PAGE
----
Tinder has beefed up security in its popular “dating” app due to a letter from Oregon Senator Ron Wyden asking for the app to fix security loopholes and other privacy and data incursions.
Match Group, which owns Tinder, has responded to Senator Wyden by documenting recent changes to the app as of June 19th. Jaren Sine of Match writes that “swipe data has been padded such that all actions are now the same size.” Other issues on Tinder were called out by a research team at Checkmarx stating that it had “disturbing vulnerabilities” and the possibility of privacy invasion and blackmail.
The vulnerabilities, found in both the app’s Android and iOS versions, allow an attacker using the same network as the user to monitor the user’s every move on the app. It is also possible for an attacker to take control over the profile pictures the user sees, swapping them for inappropriate content, rogue advertising or other type of malicious content (as demonstrated in the research).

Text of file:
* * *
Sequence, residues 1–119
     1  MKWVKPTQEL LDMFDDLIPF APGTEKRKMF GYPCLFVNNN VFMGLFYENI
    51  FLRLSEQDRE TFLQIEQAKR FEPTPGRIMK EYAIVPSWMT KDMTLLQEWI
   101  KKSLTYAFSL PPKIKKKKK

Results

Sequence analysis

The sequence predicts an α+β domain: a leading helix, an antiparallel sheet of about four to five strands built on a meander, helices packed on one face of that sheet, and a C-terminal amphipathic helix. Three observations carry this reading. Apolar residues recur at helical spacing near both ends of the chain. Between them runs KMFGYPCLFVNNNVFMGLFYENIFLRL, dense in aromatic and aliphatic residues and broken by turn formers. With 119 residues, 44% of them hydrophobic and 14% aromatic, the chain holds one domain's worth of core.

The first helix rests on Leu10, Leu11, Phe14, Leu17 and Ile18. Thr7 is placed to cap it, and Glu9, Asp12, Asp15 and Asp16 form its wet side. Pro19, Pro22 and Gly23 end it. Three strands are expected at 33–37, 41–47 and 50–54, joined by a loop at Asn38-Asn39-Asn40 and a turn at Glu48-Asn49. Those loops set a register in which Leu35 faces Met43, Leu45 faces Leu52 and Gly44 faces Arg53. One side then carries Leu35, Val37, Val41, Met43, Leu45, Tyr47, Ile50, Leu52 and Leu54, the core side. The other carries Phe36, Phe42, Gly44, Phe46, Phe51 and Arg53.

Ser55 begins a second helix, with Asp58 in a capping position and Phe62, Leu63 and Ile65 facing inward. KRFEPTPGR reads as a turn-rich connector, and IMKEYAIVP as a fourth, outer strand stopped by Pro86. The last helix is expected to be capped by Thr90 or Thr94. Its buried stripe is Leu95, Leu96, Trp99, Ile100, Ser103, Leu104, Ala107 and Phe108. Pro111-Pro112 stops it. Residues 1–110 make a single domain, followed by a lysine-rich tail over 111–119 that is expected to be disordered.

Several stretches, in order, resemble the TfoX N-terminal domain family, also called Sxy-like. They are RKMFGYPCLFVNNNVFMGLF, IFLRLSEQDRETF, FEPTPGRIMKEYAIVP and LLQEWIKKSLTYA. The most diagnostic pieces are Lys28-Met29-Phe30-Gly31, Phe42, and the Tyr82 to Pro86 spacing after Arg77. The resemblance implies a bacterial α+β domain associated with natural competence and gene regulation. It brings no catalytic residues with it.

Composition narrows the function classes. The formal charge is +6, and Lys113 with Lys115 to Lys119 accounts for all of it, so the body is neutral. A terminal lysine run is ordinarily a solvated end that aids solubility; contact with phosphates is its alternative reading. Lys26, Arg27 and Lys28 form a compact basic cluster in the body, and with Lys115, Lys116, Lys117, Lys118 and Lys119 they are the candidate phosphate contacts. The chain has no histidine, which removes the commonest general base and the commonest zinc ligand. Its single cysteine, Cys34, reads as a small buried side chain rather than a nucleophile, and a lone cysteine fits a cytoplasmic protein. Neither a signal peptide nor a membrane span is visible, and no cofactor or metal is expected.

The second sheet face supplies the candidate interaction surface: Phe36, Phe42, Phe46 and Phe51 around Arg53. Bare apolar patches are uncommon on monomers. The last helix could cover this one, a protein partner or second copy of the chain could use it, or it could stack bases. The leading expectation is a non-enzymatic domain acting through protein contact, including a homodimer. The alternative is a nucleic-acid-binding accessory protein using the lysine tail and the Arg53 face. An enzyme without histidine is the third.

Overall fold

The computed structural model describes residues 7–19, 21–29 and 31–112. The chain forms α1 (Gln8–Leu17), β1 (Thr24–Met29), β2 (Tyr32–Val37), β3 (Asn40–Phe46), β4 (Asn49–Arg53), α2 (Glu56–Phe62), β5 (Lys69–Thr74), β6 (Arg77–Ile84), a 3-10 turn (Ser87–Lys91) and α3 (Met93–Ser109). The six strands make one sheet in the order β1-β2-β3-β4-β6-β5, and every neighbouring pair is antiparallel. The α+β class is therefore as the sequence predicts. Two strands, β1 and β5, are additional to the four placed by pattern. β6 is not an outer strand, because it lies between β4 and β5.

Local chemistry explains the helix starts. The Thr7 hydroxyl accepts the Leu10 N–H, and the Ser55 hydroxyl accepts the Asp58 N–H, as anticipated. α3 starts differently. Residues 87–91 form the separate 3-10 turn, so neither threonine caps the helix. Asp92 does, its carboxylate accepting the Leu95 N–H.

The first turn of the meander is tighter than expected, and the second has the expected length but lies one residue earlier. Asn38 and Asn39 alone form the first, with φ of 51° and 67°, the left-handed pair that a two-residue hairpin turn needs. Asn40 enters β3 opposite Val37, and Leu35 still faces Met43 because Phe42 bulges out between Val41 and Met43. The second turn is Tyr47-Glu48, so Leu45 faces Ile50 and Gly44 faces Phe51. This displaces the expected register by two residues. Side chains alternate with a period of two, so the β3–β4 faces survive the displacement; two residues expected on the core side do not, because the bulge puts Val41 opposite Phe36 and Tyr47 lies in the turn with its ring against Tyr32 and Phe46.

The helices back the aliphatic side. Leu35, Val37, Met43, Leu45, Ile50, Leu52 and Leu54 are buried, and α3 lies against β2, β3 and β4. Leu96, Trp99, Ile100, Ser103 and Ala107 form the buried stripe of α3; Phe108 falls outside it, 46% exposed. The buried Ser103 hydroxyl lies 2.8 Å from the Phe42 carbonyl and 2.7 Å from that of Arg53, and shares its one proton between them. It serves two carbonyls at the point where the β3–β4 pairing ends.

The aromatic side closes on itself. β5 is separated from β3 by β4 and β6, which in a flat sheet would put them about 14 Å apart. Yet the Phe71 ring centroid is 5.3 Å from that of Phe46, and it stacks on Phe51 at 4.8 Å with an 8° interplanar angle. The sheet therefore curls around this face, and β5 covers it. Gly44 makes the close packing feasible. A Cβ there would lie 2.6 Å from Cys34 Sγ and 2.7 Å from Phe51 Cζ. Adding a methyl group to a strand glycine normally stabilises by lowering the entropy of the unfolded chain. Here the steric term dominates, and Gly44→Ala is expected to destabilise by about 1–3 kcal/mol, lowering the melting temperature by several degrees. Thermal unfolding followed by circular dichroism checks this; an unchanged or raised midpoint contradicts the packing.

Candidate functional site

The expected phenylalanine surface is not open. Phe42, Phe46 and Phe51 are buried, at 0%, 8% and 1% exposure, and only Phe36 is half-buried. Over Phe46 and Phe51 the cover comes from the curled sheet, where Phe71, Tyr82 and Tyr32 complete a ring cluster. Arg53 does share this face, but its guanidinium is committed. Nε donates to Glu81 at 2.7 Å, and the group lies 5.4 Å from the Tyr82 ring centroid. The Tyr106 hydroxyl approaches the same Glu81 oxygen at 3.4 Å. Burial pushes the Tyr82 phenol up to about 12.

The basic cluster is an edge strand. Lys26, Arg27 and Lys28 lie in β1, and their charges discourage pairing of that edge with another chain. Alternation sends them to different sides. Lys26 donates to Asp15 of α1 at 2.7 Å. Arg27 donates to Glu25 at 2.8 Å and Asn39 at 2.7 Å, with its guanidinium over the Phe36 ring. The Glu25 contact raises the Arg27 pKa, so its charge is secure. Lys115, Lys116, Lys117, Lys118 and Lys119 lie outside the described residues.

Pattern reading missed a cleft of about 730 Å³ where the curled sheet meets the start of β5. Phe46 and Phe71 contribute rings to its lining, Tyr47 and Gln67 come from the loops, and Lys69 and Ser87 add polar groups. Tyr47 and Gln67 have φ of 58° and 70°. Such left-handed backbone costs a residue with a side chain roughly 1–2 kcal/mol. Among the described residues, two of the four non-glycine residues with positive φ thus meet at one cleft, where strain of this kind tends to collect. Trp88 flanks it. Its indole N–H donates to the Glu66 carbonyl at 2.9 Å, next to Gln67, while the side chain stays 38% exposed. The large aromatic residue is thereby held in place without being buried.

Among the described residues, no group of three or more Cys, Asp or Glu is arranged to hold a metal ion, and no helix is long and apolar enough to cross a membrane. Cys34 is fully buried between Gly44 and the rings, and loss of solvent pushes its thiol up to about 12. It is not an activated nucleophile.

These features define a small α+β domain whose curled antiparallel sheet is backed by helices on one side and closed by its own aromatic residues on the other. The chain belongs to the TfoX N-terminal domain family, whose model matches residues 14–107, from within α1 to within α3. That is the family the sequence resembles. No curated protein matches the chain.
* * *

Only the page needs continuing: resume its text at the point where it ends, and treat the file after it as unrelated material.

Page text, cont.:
While no credential theft and no immediate financial impact are involved in this process, an attacker targeting a vulnerable user can blackmail the victim, threatening to expose highly private information from the user’s Tinder profile and actions in the app.
In February, Wyden addressed the issue and requested Tinder to pad data to obscure it as it moves from server to app and vice versa. Tinder has hardened security in response to Sen. Wyden. Sine states in a letter to Sen. Wyden:
“Like every technology company, we are constantly working to improve our defenses in the battle against malicious hackers and cyber criminals.”
Tinder is now safer to use, but that never means full privacy. At least they’re making strides to a more protected platform.